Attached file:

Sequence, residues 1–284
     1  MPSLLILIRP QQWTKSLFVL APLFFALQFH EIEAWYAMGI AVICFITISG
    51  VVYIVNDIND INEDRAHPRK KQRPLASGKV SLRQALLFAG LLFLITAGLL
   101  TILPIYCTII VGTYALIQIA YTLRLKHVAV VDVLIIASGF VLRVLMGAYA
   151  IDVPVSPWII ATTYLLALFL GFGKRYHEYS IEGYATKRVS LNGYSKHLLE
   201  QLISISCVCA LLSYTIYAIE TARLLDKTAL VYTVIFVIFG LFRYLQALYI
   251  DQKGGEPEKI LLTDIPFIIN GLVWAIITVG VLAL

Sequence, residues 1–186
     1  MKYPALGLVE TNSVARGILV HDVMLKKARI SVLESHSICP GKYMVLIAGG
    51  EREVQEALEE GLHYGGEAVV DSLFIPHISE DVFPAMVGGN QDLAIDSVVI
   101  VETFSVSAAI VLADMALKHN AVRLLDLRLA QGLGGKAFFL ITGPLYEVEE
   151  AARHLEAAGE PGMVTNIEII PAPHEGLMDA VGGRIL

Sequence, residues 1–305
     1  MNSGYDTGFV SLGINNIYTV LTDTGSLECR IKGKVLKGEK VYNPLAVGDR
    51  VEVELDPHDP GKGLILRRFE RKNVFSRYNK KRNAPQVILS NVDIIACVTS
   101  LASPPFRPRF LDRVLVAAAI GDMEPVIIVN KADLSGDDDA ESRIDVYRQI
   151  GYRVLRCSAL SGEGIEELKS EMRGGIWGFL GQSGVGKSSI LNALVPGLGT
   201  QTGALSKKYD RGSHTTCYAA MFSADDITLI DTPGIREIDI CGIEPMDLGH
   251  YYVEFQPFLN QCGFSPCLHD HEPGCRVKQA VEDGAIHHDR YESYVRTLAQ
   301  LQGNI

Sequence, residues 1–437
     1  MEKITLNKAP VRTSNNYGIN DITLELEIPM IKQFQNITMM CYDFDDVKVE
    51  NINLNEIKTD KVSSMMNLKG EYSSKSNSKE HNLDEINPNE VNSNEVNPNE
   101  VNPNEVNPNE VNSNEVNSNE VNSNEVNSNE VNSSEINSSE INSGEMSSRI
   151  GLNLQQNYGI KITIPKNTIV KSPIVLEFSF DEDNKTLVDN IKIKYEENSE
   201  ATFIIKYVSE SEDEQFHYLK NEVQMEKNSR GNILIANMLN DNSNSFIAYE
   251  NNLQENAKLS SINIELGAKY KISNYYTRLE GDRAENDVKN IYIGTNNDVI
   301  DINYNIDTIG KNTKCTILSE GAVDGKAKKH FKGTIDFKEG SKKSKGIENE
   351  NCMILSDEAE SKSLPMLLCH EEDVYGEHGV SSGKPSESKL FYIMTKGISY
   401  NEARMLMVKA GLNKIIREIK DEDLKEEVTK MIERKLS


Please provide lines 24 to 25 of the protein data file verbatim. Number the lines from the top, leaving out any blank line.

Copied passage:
   101  VNPNEVNPNE VNSNEVNSNE VNSNEVNSNE VNSSEINSSE INSGEMSSRI
   151  GLNLQQNYGI KITIPKNTIV KSPIVLEFSF DEDNKTLVDN IKIKYEENSE